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We arrived in Cochin by air and walked out of the airport into the welcoming arms of Jenny with whom we would be staying and a blast of hot humid air. Once at Le Royale we were garlanded with jasmine and hibiscus and given a coconut drink served in the nut
Jenny and Jose are attentive hosts serve excellent meals and also run an efficient travel service,  Fourens Travel
Political Rally
Eager to see the city we took off with a car and driver but we didn't get very far.  The roads were almost blocked .  They seemed like a friendly group so we couldn't resist jumping out to see what was going on.  It turned out to be a political rally, the object was to celebrate the merging of the DIC(K)  party with the NCP, perhaps as well really with a name like that












  Not sure who the man in the monkey suit is, but must be a politician
Bus after bus rolled in filled with villagers enjoying their outing to the city as we abandoned ours until the next day


Definitely not your run of the mill vacation shopping


Cochin is staunchly Catholic and the cradle of Catholicism in India, we have rarely seen so many churches and statuary everywhere.   Eight Franciscan friars arrived in Calcutta from Lisbon on March 9th 1500.  Those who survived the massacre on March 16th traveled on to Cochin and settled there.  Conversion brought many benefits.  Employment in civil offices, freedom from the caste system and Hindu law.  The Portuguese government convinced the Rajas to accord Catholics all the civil rights of their Hindu relatives including inheritance.  With many churches and business names like Little Flower Engineering Works or Infant Jesus Welding we can see at a glance that their legacy lives on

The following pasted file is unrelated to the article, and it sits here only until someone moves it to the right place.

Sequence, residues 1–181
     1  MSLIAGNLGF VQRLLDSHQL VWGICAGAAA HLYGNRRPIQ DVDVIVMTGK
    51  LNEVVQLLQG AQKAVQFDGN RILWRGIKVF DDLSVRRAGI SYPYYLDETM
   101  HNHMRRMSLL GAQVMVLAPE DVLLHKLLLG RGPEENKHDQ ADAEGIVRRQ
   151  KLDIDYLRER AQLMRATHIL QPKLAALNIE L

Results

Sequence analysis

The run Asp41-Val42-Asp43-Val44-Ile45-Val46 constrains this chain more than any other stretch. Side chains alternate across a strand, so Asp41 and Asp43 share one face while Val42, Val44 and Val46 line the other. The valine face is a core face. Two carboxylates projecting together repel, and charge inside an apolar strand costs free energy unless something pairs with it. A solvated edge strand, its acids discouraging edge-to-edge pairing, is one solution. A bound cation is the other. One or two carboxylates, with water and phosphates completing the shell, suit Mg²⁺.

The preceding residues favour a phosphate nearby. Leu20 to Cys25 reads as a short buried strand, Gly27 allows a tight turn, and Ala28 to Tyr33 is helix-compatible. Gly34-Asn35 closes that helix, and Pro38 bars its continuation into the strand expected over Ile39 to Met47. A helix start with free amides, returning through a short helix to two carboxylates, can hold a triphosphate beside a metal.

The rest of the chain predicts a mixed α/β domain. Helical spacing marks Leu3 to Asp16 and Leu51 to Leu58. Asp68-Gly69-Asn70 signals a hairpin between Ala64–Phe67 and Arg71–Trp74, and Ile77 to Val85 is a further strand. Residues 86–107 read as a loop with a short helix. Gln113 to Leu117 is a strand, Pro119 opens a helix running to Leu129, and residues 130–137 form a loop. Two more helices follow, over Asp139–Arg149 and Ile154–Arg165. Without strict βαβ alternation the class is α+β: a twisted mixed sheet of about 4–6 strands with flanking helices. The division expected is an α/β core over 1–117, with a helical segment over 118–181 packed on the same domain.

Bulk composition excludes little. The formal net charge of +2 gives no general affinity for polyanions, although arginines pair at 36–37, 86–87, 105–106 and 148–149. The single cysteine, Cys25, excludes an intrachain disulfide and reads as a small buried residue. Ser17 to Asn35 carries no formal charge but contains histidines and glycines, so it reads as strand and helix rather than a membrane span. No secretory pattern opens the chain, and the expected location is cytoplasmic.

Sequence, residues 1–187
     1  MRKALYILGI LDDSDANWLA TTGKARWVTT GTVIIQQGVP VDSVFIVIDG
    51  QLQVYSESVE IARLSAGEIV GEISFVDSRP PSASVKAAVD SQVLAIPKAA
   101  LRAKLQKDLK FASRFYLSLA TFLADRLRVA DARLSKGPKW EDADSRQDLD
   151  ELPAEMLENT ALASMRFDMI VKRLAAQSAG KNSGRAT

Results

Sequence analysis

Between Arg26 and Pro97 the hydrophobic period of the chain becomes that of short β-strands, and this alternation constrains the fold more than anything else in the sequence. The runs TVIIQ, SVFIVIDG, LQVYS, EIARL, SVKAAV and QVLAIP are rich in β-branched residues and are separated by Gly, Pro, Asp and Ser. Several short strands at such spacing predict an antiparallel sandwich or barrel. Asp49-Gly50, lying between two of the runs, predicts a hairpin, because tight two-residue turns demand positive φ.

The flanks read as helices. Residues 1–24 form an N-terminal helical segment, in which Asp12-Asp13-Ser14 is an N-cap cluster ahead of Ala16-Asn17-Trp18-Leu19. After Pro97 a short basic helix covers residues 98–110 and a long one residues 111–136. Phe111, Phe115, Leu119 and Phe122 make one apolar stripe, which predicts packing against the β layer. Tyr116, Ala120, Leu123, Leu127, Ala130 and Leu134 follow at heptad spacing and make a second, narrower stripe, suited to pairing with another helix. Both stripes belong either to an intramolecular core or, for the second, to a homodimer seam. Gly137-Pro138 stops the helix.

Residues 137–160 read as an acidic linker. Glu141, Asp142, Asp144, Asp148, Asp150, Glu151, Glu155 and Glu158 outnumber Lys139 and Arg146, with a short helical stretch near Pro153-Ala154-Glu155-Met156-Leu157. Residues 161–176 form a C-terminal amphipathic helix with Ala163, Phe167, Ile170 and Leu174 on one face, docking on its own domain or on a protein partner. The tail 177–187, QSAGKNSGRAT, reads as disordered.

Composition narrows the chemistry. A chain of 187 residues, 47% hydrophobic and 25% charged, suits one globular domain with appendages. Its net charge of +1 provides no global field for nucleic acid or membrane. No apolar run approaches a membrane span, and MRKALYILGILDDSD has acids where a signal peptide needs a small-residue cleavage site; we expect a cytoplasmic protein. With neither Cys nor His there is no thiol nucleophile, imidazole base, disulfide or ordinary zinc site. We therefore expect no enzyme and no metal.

Legend has it there have been Jews in India since the time of King Solomon but modern scholars put the date at early Middle Ages.  Persecution and the pursuit of the spice trade brought them to Cranganore north of Cochin, later accused of interference with the pepper trade they were once again obliged to flee. The Hindu Raja of Cochin granted them land and the area is still known as Jew Town.
They fared badly during the Portuguese colonization but prospered with the arrival of the Protestant Dutch and later the British.  With the Independence of India and the creation of the State of Israel many Jewish families left. There are thought to be only 13 elderly Indian born Jews from 7 families left in Cochin
Pardesi Synagogue
The Dutch style clock tower was added to the synagogue in 1760, it has 4 faces  with Malayalam, Hebrew, Roman and Arabic numerals
Still in an ecumenical frame of mind we also visited this exuberantly decorated Tamil Murugan Temple

Chinese fishing nets are land based permanent rigs with vast nets operated for short periods of time by six fishermen.
Legend has it they were brought to Fort Kochi from the court of Chinese emperor Kublai Khan, by the Chinese explorer, Zheng He  and have been in operation here ever since

Choose your fish then find a local cafe to cook it for you                  

Fanny bargained for our shrimp, catching the fishmonger out giving us short measure (not these guys)
We didn't choose well, they over cooked the shrimp and forgot to add any spice to the vegetable rice we ordered to accompany the fish.  Gastronomically disappointing but high on experience and ambiance.

The wedding sari saleswomen drape the gorgeous fabric around themselves to demonstrate how it would look when worn.  For the mother of the bride making her selection that day, it would never again look as good as it did on the model but her husband happily paid a small fortune for it


 Mattancherry Palace aka The Dutch Palace

The Dutch Palace was originally built by the Portuguese.    The Dutch modified it in the 17 century and presented it to the Raja of Kochi.  The Coronations of many Kochi Rajahs took place here

 Schoolgirls arriving on a fieldtrip                

The coronation hall of the palace is now a portrait gallery of Kochi Rajahs.  The palace is noted for it's fine collection of murals depicting scenes from the Hindu epics Mahabharatha and Ramayana


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